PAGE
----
Welcome! Here are the website rules, as well as some tips for using this forum.
Need to contact us? Visit https://heatinghelp.com/contact-us/.
Click here to Find a Contractor in your area.

Seeking to reduce heat loss to ground on OWB system

Hello,

I have a hydronic heating system. In my basement i have a Weil Mclain Natural Gas Boiler with 3 Seperately pumped zones for the house. Baseboard heating units comprise the loops/zones.

In my shop i have a Aqua Therm Wood Boiler, there is a floor loop in the part of the shop the boiler is located in and a hydronic heater with a fan in the other part of the shop.

I use the wood boiler as long as i have wood Previous owner said he did about 10 cords a year, i cant ever get more than about 5-6 cords put away, and it probably doesnt end up the driest. I probably burn about 20-30 or so pallets every year from work as well.

The pump for the wood boiler runs continuously as is common in these setups. Its about 100 or 150' 1 way to the house and its run with 1" Pex-Al-Pex. i get about 3-5° temp drop out and back, when there is no demand in the house. I dont know how many GPM i am pumping its a taco 007, guestimating 3-4 gpm i calculated that i am probably losing a cord of wood every 1-2 months just heating the ground.

Easy fix is to turn the pump on only when there is demand, but i understand that can cause hot spots in the wood boiler. Other idea is to add a bypass with zone valve, open zone valve when there is no call for heat, it will pump thru the least resistance. I already have a tube between the house and shop i can send a signal wire thru.

Please tell me the downsides of my plan, i know it will take an extra minute to get heat.

I have a bunch of photos, but idk if i will be able to post as a new member.

Comments

  • Erin Holohan Haskell
    Erin Holohan Haskell Member, Moderator, Administrator Posts: 2,257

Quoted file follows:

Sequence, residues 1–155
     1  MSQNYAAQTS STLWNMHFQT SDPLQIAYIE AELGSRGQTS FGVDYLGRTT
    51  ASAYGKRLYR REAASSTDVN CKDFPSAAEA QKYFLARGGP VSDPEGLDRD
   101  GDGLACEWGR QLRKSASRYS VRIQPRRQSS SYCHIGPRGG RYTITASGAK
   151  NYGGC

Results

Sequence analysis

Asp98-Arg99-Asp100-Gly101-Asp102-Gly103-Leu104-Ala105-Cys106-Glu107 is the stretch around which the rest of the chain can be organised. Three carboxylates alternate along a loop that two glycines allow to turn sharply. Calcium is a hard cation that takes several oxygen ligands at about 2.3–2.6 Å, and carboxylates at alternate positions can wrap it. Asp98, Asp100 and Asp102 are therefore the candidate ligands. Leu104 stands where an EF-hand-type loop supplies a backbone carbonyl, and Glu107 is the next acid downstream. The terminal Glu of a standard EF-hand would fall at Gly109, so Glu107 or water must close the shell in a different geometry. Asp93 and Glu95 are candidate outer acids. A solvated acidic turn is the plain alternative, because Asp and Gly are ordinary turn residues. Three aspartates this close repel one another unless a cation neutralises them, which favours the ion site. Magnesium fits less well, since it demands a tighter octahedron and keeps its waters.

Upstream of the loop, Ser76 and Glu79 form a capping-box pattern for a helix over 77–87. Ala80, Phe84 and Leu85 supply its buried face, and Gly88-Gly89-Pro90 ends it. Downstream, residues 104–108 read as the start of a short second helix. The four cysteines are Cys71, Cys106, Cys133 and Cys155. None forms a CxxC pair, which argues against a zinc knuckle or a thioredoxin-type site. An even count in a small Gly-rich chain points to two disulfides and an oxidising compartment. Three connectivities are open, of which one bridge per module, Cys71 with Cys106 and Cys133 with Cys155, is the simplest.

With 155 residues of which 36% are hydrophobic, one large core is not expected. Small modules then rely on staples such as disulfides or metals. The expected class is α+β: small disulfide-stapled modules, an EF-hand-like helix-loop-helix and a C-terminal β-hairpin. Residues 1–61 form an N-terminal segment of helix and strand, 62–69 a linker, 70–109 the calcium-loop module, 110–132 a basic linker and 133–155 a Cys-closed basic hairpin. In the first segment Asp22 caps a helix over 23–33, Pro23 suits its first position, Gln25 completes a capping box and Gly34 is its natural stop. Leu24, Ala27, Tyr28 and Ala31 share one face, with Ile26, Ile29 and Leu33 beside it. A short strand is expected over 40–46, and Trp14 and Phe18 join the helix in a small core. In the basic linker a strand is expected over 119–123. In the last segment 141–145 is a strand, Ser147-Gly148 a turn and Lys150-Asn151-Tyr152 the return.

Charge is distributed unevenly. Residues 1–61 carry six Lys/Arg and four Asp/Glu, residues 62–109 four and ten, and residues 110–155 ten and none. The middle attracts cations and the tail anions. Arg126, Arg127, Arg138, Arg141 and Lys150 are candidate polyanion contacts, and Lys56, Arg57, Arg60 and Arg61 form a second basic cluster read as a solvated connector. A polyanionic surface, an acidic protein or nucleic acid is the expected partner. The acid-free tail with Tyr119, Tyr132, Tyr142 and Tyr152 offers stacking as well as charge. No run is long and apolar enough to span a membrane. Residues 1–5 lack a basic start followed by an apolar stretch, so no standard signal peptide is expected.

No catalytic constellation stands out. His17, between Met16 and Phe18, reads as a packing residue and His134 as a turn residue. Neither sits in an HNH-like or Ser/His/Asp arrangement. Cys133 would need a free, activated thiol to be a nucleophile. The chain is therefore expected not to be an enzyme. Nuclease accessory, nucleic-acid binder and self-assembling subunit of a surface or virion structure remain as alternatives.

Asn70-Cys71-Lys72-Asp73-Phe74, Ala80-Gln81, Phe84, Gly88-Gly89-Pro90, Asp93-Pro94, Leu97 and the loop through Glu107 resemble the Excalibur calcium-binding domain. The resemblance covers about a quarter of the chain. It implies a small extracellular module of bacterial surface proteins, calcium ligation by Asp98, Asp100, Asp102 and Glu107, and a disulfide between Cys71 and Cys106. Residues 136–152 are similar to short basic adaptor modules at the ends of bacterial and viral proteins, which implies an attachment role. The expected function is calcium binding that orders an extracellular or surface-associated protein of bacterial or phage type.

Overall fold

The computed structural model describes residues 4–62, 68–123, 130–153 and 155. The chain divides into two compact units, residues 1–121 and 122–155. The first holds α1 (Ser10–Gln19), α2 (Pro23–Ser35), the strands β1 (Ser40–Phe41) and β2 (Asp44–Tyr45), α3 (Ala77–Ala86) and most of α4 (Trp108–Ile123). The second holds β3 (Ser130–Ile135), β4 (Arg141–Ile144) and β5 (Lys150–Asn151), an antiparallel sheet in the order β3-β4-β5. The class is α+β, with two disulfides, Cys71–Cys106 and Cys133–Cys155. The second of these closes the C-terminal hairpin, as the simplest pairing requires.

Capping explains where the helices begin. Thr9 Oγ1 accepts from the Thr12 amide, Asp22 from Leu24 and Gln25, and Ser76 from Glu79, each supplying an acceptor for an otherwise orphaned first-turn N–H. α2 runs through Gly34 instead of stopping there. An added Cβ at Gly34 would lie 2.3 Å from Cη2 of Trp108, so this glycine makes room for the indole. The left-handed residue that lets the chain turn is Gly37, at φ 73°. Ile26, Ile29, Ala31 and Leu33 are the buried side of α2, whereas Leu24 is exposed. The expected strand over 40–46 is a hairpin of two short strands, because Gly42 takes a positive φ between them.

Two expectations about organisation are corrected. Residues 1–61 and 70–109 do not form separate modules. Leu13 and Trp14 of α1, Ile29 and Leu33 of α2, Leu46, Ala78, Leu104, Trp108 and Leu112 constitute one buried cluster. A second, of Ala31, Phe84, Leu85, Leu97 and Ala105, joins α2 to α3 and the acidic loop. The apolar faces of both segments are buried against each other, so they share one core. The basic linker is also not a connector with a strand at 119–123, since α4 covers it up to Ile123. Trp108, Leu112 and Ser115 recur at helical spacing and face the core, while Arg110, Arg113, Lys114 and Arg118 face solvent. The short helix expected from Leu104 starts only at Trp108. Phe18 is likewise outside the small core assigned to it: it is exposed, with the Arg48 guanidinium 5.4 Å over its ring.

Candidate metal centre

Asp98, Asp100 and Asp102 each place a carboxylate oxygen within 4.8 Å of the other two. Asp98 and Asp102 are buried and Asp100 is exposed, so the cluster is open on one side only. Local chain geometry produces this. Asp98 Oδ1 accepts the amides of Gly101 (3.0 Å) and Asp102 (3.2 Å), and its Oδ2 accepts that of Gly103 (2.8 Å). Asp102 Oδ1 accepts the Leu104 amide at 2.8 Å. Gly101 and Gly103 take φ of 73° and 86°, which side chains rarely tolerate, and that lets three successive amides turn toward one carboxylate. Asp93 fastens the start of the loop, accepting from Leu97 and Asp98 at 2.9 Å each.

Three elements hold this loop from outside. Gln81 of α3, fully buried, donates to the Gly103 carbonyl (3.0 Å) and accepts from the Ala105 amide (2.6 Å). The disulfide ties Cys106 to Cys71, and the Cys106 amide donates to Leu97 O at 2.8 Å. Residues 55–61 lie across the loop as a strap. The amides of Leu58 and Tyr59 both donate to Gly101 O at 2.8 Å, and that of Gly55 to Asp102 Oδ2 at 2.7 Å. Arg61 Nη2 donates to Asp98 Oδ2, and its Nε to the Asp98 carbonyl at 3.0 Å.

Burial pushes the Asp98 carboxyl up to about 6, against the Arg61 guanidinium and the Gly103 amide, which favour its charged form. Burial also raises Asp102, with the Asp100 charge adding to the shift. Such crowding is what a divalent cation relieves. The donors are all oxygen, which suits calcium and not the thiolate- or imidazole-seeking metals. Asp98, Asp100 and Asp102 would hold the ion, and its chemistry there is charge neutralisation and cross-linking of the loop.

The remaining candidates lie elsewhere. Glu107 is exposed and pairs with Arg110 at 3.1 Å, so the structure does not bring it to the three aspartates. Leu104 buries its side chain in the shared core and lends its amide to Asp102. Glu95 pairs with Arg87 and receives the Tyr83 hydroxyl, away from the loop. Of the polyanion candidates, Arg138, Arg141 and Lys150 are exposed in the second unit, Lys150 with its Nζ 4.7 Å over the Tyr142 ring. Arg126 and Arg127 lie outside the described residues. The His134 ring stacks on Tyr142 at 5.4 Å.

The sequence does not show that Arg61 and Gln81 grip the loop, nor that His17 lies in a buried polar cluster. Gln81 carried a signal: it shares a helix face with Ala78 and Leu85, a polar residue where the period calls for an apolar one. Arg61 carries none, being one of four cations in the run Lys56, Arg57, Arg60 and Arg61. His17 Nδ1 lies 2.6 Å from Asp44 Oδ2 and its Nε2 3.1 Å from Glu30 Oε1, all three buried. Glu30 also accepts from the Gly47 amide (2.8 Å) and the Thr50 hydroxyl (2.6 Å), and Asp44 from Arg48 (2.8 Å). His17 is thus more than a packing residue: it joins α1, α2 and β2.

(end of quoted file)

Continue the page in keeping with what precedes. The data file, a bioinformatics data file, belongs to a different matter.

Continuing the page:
Welcome @mille755. Just click on the image icon above the text box to post photos. Here are more tips for using the forum: https://heatinghelp.com/forum-user-manual
    President
    HeatingHelp.com
  • mille755
    mille755 Member Posts: 7
    edited December 2023


    Over-temp aquastat turns on pump to front garage loop to dump heat if for some reason the boiler runs away.
  • mille755
    mille755 Member Posts: 7
    More Shop system photos





  • mille755
    mille755 Member Posts: 7
    edited December 2023
    Photos of house system and how it is configured, any comments welcome.
    I will explain that i think this system was put together by trial and error.
    From the explanation from the previous owner and my experience with the system i will say:

    Originally there was ghost flow (undesired heating) due to the WB pump causing flow and i have verified it was thru the loop marked with a 3. Which makes sense if you see how many tees elbows and reduced diameter piping the WB loop made while trying to get thru the NG boiler., it ends up pumping partially thru one of the loops. Also the closely spaced tees way of tying in was not followed, and it pumps thru the boiler which makes the ghost flow a lot more likely.

    Is it ok to use the safety relief port to tie into? As shown here?

    So to combat the ghost flow he put in a taco zone valve with bypass, but i think perhaps the bypass did not allow enough flow or got plugged (he mentioned there being a small orifice for the bypass) and the WB unit may have over temped a couple times(i know it did when i shutoff the manual bypass).